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Animated Women UK announce Disney’s Beth Parker as Animation Chair

AWUK has announced Beth Parker, who manages the production of current series and development across Disneys EMEA channels, as their new Animation Chair.

Beth takes over from Founder and current Animation Chair Lindsay Watson, who remains on the AWUK Board, but who is taking a step back to pursue other projects after nearly five intense years getting the organisation off the ground. Beth joins VFX Chair Louise Hussey - Executive VFX Producer at Double Negative - in setting the agenda going forwards.

AWUK is a non-profit that exists to positively support, represent, celebrate and encourage women in the animation and VFX industries in the UK.

Founded in 2013, they aim to change the gender landscape by building a vibrant network that facilitates mentoring, knowledge exchange and education resulting in women in animation and VFX fulfilling their potential.

Beth Parker, who will actively take up her post in September, said: Having spent over 20 years as a woman working in the creative industries, Im very aware of the inequalities that exist. We have made positive inroads and I have seen the benefit of shared experience both as a mentor and a participant. Im thrilled to be joining Animated Women UK, because of the opportunity to expand on the positive foundations established by Lindsay and the team. We still have a long way to go.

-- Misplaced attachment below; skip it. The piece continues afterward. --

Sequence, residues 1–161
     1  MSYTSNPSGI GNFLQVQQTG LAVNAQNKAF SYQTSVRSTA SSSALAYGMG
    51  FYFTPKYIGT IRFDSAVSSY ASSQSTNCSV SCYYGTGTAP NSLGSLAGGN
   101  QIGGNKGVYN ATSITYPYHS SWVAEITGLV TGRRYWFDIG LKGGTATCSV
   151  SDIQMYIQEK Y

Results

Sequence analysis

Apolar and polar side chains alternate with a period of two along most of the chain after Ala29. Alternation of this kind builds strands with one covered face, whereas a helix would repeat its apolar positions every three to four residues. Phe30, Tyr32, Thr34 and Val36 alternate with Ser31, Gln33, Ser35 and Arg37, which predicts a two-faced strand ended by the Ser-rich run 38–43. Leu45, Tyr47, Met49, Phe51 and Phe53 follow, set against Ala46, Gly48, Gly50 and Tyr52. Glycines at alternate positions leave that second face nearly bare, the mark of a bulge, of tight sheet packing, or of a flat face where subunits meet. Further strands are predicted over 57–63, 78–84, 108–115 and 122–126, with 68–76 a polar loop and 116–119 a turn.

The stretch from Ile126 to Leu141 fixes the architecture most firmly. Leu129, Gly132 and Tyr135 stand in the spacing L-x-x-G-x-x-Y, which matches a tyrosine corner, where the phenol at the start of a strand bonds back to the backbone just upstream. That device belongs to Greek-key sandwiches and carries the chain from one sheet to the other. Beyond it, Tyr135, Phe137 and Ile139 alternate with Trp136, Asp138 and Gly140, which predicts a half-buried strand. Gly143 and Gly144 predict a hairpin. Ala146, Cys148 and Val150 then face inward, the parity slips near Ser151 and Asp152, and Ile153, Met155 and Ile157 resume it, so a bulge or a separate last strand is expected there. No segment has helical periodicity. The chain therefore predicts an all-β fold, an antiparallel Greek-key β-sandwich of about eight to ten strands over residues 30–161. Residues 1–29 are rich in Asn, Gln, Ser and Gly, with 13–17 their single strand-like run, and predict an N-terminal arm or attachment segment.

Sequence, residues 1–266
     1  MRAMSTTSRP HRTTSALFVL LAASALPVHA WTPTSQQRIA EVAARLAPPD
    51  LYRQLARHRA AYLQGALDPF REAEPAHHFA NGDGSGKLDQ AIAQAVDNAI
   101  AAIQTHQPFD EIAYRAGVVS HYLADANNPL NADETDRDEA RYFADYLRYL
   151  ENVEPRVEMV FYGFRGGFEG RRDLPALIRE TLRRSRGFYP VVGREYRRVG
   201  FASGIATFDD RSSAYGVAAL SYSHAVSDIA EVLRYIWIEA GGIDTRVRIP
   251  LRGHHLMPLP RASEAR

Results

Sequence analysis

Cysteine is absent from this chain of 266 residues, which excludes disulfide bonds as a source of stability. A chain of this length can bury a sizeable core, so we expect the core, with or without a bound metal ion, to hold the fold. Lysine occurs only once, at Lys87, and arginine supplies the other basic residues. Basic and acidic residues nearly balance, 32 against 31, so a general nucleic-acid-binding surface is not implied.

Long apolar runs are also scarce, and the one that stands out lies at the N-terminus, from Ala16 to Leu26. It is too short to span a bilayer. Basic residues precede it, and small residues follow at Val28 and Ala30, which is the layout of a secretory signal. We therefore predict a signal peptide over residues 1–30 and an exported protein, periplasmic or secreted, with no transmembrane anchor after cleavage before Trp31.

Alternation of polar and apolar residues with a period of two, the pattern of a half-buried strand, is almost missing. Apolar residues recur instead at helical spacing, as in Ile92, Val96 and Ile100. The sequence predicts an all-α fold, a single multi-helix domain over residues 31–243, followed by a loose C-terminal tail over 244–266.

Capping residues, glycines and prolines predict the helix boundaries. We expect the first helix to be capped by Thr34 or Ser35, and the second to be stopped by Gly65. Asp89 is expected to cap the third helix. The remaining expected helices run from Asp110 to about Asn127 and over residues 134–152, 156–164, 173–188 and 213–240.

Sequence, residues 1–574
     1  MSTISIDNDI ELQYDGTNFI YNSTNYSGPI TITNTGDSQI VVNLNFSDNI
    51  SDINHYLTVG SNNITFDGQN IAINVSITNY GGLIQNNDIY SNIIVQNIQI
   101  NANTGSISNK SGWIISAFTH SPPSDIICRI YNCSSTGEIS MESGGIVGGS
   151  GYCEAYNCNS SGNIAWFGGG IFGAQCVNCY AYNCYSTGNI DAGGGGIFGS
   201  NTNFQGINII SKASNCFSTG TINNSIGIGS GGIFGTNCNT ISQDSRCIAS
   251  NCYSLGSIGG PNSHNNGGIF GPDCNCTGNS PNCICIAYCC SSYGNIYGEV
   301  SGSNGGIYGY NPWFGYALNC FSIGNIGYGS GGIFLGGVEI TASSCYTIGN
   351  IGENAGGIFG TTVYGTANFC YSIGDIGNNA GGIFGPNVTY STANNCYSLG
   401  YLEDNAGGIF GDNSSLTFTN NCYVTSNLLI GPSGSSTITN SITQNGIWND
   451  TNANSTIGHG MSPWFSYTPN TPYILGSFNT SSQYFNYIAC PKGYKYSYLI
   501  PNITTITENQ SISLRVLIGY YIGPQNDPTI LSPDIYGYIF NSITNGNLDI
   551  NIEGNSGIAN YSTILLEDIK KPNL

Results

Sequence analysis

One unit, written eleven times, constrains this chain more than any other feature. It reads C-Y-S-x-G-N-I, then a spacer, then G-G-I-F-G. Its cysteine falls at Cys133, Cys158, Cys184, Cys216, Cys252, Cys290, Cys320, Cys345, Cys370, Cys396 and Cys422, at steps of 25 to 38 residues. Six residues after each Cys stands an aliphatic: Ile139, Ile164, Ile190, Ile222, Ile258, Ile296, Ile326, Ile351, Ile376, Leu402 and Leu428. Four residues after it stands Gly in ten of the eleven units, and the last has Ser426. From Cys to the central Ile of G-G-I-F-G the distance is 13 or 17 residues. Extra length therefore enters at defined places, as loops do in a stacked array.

Founder, Lindsay Watson, who remains on the board, said: Beth has the skills to continue the great work that weve started. She has already proved a great supporter of our agenda and will no doubt prove invaluable as we continue to grow AWUK and have a positive impact on our industry.

VFX Chair Louise Hussey adds: “Were really excited to have Beth join our team. Her credentials speak for themselves and Im eager to see what we can accomplish together.

Beth started her television career in 1997 in Germany at a company that analysed applications to the Distribution Fund for the European Union’s MEDIA II Programme.

Returning to London in 2001, Beth worked with executive producer Marion Edwards at Telemagination, taking over as managing director in 2004. Beth then moved to TV Loonland as head of production, simultaneously studying for a Masters degree in Social Policy and Criminology. She went on to work for a major youth charity for three years before taking on consultancy work for both charities and animation companies including Hibbert Ralph Animation and Red Kite Animation.

In 2014 Beth joined Disney to head up production for the Disney Channel network in Europe, Middle East and Africa (EMEA). She manages animation productions for Disney Junior, Disney Channel and Disney XD, from pre-school to tween’.

For more information on Animated Women UK and membership visit www.animatedwomenuk.com/membership

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Submit Your Work to AWUK

Show off your best work.  Submit now for inclusion in AWUK Showcases.
 
One of our key goals at AWUK is to showcase the great work of our members.  We’re calling for submissions for upcoming showcases.  Please fill in our form and share your work so that we can share it with the wider world.  We’re really excited to see it.
 
 
SUBMIT YOUR WORK